The Secret Life of Farm Animals
There’s a popular kids movie out at the moment called “The Secret Life of Pets.” It’s about the adventures and the misadventures of our pets, when we’re not around to see what they’re up to. It’s cute. However, it would be very different if this movie were for adults, and if it were about the lives of farm animals that we don’t see.
Farm animals also lead lives that are secret from most of us. They’re secret because the livestock industry worries that their sales would drop like a ton of bricks, if we all knew how most farm animals really have to live. Most farm animals today are raised on factory farms, where they are treated as if they were objects in a factory. This results in very harsh conditions, including extreme overcrowding, and other unnatural and unsanitary conditions. Chickens are packed into cages so tightly that they can’t even turn around much less spread a wing. Veal calves are chained by the neck so they can’t move around, and are deliberately fed a bad diet so that their meat will taste different. Pregnant pigs are kept in a cage so tight they can’t move. They also suffer in cramped trucks on the way to the slaughterhouse, with no food or water. When they arrive at the slaughterhouse, it gets even worse. We’ll skip the gory details, but we can assure you this is no cute children’s movie, so the details are kept from public viewing.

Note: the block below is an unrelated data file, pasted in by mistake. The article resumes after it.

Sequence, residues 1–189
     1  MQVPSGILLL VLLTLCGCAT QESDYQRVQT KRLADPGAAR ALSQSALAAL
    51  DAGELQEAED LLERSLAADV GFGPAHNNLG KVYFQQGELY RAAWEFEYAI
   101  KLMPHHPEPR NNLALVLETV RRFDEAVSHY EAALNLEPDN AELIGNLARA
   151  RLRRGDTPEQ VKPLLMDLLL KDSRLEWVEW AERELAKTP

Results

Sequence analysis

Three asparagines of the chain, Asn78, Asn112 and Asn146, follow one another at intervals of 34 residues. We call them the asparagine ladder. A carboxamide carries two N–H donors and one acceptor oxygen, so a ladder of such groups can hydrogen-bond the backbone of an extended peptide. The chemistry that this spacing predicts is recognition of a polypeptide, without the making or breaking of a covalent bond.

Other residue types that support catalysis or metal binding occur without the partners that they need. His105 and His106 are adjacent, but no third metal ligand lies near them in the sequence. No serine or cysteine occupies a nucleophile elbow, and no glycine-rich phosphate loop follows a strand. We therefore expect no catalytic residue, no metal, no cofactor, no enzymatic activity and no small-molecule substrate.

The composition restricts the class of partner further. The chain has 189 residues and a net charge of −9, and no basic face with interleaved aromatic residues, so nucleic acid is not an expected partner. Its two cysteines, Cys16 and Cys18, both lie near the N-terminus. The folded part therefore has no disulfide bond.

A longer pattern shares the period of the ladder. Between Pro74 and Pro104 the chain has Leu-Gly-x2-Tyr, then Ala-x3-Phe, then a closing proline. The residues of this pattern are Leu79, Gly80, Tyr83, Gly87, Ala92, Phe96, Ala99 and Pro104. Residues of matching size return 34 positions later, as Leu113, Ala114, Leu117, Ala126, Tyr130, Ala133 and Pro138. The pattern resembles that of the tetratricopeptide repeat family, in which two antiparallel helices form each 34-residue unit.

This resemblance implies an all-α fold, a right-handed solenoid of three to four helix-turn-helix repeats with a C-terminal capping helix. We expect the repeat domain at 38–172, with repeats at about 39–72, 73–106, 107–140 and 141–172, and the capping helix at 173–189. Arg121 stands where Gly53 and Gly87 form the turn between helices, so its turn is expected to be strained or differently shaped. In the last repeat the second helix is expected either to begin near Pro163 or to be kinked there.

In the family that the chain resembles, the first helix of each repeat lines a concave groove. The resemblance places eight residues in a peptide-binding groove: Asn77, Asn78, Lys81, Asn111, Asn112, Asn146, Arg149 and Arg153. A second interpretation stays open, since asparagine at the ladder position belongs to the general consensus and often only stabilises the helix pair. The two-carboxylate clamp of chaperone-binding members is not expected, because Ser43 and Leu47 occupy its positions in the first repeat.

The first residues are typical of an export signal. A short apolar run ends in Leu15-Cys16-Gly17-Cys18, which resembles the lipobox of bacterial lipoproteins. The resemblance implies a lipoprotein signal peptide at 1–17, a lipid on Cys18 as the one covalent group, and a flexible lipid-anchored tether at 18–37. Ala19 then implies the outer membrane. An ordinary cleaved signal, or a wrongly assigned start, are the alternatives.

Let’s also not forget about fish. Most commercial fishing vessels use very long nets, sometimes as long as a mile or more. When the fish get caught in the nets, at first they experience being crushed as the net is brought into the ship, and then they are left to suffocate until they die. Making the situation worse is the fact that these long nets also catch other fish which have no commercial value, plus sea mammals such as dolphins and porpoises, all of which are needlessly killed. Aquaculture, or fish farming, results in massive overcrowding, unsanitary conditions and the suppression of almost every natural instinct a fish might have. This is another movie not meant for children.
We’re not naïve. We know nature can be tough, but we’ve created a situation on factory farms much harsher than nature would ever provide. But it doesn’t have to be this way. It’s time to make a new, happier movie with a good ending, suitable for people of all ages. This happier movie has a happy diet associated with it. That diet is a plant-based one. If we followed a plant-based diet, the animals could live more natural lives and we could live much longer lives in a more sustainable environment.